Taking the Pill: Depression and Social Stigma Depression is widespread in today's society and is called 'the common cold of mental health problems.' But despite its prevalence, people are wary about the use of a pill in order to chase the blues away. Some even liken anti-depressants to Soma as depicted in Aldous Huxley's Brave New World. Soma is the perfect pleasure drug that provides a mindless, inauthentic happiness, which makes people comfortable with their lack of freedom. Depression is often disregarded as a serious illness. Society, as a whole, stigmatizes depression and sees anti-depressants as a way out instead of a legitimate medicine. But the people that feel this way, often have not had any personal experience with this illness.
The physical basis of depression involves neurotransmitters in the brain. Neurotransmitters are chemicals that carry messages from one nerve cell to another. Nerve cells do not touch. There are microscopic gaps between them called synapses.
For a nerve impulse to travel from one nerve cell to another, the sending cell releases a tiny amount of one of the neurotransmitters, which transmits the signal to the second cell, and so on around the body. After a nerve impulse has been sent across a synapse, special enzymes clear away the neurotransmitter so that another impulse may be sent.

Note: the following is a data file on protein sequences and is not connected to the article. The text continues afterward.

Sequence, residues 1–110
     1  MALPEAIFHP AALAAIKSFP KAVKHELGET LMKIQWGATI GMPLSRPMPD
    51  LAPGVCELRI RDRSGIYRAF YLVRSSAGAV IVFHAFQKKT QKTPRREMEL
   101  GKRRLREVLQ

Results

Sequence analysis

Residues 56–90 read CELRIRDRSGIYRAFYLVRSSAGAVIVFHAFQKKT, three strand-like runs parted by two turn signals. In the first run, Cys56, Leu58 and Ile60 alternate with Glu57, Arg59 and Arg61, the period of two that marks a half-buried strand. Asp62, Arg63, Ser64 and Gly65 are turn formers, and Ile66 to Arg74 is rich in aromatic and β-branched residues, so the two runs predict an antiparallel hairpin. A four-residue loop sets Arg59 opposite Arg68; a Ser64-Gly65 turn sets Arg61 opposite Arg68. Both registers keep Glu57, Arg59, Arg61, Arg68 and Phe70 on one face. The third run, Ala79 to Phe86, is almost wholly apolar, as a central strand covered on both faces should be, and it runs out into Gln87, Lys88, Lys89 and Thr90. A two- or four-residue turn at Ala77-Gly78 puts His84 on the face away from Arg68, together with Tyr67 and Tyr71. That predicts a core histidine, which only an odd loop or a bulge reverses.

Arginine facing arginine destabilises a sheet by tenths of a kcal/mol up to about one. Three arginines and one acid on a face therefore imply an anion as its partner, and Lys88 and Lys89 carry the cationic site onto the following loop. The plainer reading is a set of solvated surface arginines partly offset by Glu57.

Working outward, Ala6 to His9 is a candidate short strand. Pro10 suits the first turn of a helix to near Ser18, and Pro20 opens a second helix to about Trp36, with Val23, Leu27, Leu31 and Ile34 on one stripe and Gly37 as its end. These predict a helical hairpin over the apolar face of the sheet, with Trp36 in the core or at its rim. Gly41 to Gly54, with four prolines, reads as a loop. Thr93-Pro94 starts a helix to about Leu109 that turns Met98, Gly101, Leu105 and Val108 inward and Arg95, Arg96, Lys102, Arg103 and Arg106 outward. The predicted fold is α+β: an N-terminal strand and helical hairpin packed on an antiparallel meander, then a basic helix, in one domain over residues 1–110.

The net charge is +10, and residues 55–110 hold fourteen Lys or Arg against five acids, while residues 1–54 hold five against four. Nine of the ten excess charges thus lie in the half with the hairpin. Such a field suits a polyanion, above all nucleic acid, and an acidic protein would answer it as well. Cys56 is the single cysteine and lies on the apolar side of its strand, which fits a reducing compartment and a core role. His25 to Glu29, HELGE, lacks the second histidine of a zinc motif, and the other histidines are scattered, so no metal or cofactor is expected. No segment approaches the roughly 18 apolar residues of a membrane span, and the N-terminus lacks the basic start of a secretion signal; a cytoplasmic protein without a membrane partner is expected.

The first antidepressants, monoamine oxidase (MAO) inhibitors, were discovered accidentally during the 1960's by researchers who were trying to develop new drugs to treat tuberculosis. MAO inhibitors didn't help TB, but they elevated mood. Since then, many other types of antidepressants have been developed. They are all about equally effective. But the newer drugs are safer and for most people, have fewer side effects. In order of their development, here are today's antidepressants: MAO inhibitors, Tricyclic medications, Tetracyclic medications, Wellbutrin, Desyrel,